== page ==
We’ll soon need to go around the house adjusting our timepieces when the clocks go back one hour at the end of this month – don’t worry, your smartphone should update itself.
But we will get a dreamy extra hour in bed (unless you use that time to change your clocks).
Anyway, this is why we get that hour – and why it’s sometimes cruelly taken away:
When will the clocks go back?
28 October 2018. For future reference, it always takes place on the last Sunday in October. The clocks will go back one hour at 2am, so sweet dreams.
This will mean Portsmouth and the rest of the UK is on Greenwich Mean Time (GMT), which is the standard time zone against which all other time zones in the world are referenced.
The reason it happens on a weekend, in the middle of the night, is to limit the disruption for schools and businesses.
When do the clocks go forward?
On the last Sunday in March – this year it was 25 March – the clocks go forwards one hour at 1am, starting the period of British Summer Time (BST) aka Daylight Saving Time (DST).
This gives us more daylight in the evenings. And one less hour in bed.
Read more: The M27 smart motorway scheme explained
Why do we bother changing the clocks?
Initially it was rolled out to save energy and get people outside. Why waste electricity when there is perfectly good daylight to be used?
The campaign for British Summer Time came about at the beginning of the 20th century. Moving the clocks forward in the summer months would give us darker mornings but lighter, longer evenings.
The idea was proposed in Britain by builder William Willett, says Dr Richard Dunn, senior curator for the History of Science at the Royal Observatory Greenwich.
Willett was ‘incensed at the “waste” of useful daylight during the summer. Though the sun had been up for hours as he rode his horse through Chislehurst and Petts Wood, people were still asleep in bed.’
British Summer Time was adopted in Britain in 1916 to save fuel and money.
Since then, Britain toyed with moving the clocks a number of times, including bringing them forward two hours ahead of GMT during the Second World War. They were also brought forward for periods in the spring of 1947, in line with fuel shortages.
There was an experiment, between 1968 and 1971, which kept clocks one hour ahead of GMT all year round.
Britain then reverted to our now familiar system of GMT in the winter and summer time in between March and October.
The clock-changing campaign
The idea of some sort of DST was first floated by Benjamin Franklin, one of the founding fathers of the US, in 1784. He wanted to save on candle usage and get people out of bed earlier.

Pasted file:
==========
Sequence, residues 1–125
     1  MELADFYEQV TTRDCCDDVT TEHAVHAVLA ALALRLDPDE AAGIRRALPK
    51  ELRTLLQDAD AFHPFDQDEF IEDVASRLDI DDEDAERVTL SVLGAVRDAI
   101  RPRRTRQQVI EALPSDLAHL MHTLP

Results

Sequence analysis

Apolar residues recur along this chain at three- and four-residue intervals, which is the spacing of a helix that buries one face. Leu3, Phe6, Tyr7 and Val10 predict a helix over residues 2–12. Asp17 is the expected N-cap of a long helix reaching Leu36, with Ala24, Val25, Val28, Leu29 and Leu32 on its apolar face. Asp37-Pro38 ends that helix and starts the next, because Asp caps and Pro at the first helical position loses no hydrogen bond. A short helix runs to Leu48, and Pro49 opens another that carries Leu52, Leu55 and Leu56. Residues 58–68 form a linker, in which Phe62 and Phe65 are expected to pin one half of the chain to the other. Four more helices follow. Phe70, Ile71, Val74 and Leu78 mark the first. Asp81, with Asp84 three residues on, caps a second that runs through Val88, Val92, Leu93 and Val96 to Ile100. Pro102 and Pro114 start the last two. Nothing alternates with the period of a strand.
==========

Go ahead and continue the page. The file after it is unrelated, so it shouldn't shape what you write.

More than one hundred years later, in 1895, New Zealand entomologist George Vernon Hudson suggested clocks be put forward two hours in the summer.
Clock-changing in Britain was spearheaded by builder William Willett – the great-great-grandfather of Coldplay’s Chris Martin.
The House of Commons essentially gave clock-changing its seal of approval in 1916 – the year after Willett passed away.
Is British Summer Time a good thing?
Well, no one seems to complain about the aforementioned extra hour in bed in the autumn.
But some are campaigning for British time to be brought in line with other European countries to reduce accidents. This would make it two hours ahead of GMT in the summer and one hour ahead in the winter.
Nick Lloyd, road safety manager for the Royal Society for the Prevention of Accidents (RoSPA), said: ‘The clocks going back is a pivotal point in the year for road users, particularly cyclists and pedestrians, as there is less daylight in the evening at a time when with the weather is worsening.
‘The statistics are clear – accidents and injuries can be reduced if we move to Single/Double Summer Time, and that is why RoSPA is urging the Government to take a fresh look at this issue and help save lives.’
Others want to forego turning the clocks back in October.
‘One of the main reasons against keeping British Summer Time all year round, which would mean not putting the clocks back in October, concerns people in Scotland, where sunrise might not be until as late as 10am,’ says Dr Dunn.
‘Among other things, this would mean children travelling to and from school in darkness, putting them at greater risk. Lighter mornings in the winter are also better for postal workers and those in construction and farming, who typically begin work much earlier than many others.’
Others say we spend so much time inside – in offices, for instance – that daylight saving no longer really matters.
This article originally appeared on our sister website i News.